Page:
TERROR AT THE OPERA
D: Dario Argento
P: Dario Argento for ADC, Cecchi Gori Group, and RAI Radio Televisione Italiana//St & Sc: Dario Argento, Franco Ferrini//DP: Ronnie Taylor//E: Franco Fraticelli//M: Claudio Simonetti//Art D: Gianmaurizio Fercioni//Costumes: Francesca Lia Morandini//Makeup: Franco Casagni
Cast: Cristina Marsillach, Ian Charleson, Urbano Barberini, Antonella Vitale, Barbara Cupisti, Daria Nicolodi, Coralina Cataldi Tassoni, William McNamara, Antonio Juorio, Carola Stagnaro, Francesca Cassola.
When opera diva Moira walks off the set of her latest production due to her disgust with horror film director Mark's unconventional stagings, her understudy Betty gets the chance of a lifetime. From the beginning however, the opera (a production of MACBETH) seems cursed as accidents and death seem to dog its every step. It is revealed that a killer is stalking Betty and he forces her to watch him murder her stagehand lover. The murders continue and culminate in the murderer revealing to Betty that he was a sexual slave to her mother and wants to renew that relationship with her. Trapped in the opera house and surrounded by the police, he decides to commit suicide and murder by burning himself and Betty alive. She escapes to the country with Mark but soon realizes the killer may not be dead.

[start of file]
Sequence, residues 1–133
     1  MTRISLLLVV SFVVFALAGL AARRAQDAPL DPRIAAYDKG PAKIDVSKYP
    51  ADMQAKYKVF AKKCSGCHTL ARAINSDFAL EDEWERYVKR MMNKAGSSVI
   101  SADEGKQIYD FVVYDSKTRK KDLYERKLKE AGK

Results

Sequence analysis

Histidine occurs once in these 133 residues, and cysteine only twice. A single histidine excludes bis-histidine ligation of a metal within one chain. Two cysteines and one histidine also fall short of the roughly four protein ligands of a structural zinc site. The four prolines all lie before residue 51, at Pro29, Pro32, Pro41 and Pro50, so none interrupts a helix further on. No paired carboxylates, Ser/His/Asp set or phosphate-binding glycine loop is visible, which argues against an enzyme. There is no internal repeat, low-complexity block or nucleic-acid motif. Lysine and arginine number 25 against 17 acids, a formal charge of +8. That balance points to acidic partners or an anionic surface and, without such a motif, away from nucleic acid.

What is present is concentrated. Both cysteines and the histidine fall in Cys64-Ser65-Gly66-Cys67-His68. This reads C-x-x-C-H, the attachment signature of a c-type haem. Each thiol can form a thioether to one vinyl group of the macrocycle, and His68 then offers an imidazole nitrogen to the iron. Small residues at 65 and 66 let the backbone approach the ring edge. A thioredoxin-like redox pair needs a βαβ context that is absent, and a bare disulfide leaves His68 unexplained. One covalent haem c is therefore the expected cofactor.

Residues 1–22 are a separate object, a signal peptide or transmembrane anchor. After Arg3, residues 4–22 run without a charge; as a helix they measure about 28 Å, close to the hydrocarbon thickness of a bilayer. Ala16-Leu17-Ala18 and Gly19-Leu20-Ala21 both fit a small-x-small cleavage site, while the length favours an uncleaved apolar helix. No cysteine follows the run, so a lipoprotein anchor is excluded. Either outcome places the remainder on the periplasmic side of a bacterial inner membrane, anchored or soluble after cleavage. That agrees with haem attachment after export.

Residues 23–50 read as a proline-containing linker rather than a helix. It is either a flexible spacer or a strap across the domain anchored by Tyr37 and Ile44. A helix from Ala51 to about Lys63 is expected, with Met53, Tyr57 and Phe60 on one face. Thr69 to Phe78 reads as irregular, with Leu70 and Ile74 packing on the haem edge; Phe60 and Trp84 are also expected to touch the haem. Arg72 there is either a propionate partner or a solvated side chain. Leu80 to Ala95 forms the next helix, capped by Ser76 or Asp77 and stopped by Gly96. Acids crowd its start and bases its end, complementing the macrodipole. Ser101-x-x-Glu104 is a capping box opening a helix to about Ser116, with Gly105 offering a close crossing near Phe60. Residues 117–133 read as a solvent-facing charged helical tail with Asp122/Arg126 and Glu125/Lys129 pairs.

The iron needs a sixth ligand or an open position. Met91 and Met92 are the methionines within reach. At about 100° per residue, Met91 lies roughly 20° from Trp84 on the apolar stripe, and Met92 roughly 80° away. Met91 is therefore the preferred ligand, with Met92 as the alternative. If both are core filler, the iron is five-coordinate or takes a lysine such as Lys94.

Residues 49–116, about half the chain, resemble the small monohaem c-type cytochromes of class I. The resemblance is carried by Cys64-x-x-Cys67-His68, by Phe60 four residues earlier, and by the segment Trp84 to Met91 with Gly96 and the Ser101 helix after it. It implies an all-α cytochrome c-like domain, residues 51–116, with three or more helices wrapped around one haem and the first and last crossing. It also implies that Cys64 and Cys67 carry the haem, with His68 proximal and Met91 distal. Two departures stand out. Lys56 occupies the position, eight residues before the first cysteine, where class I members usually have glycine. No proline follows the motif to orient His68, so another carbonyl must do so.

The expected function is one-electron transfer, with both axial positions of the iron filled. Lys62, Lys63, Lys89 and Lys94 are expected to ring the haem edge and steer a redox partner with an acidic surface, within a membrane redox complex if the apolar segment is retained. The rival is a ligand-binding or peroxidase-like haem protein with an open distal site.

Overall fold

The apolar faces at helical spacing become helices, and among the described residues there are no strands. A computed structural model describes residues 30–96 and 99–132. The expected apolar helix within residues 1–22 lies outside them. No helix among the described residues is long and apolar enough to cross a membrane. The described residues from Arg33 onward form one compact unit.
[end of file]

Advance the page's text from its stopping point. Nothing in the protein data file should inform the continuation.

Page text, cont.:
OPERA ranks as one of Argento's greatest films in the Giallo genre. Indeed, after its completion, he decided to come to America to make films having one partial success (TWO EVEIL EYES) and one outright failure (TRAUMA). Fortunately, he came to his senses and returned to Italy where he made THE STENDHAL SYNDROME, a definite return to form. OPERA definitely took on a more personal bent when Argento recreated his own persona in actor Ian Charleson who plays the director attempting to go legit, but remains true to his horror genre roots. What really sets Argento's films apart from the pack are his murder setpieces and it's here that OPERA delivers the goods. Forcing actress Christina Marsillach's character to watch the grisly deeds by taping needles under her eyes, pretty much defines Argento's pathological need for the audience to not flinch when it comes to his brand of horror. Also, the bullet through the keyhole sequence never fails to get the appropriate reaction from anyone who's seen it. Unusual for an Argento film is the cinematography by Ronnie Taylor—crisp but noirish, it reflects a more mature Argento style that didn't need to pour on the colored gel effects. OPERA does fail on one point however, the use of anonymous heavy metal music for the film's murders. It jars you right out of the scene and leaves you shaking your head at its utter wrongness. Other than that, OPERA is damn near perfect.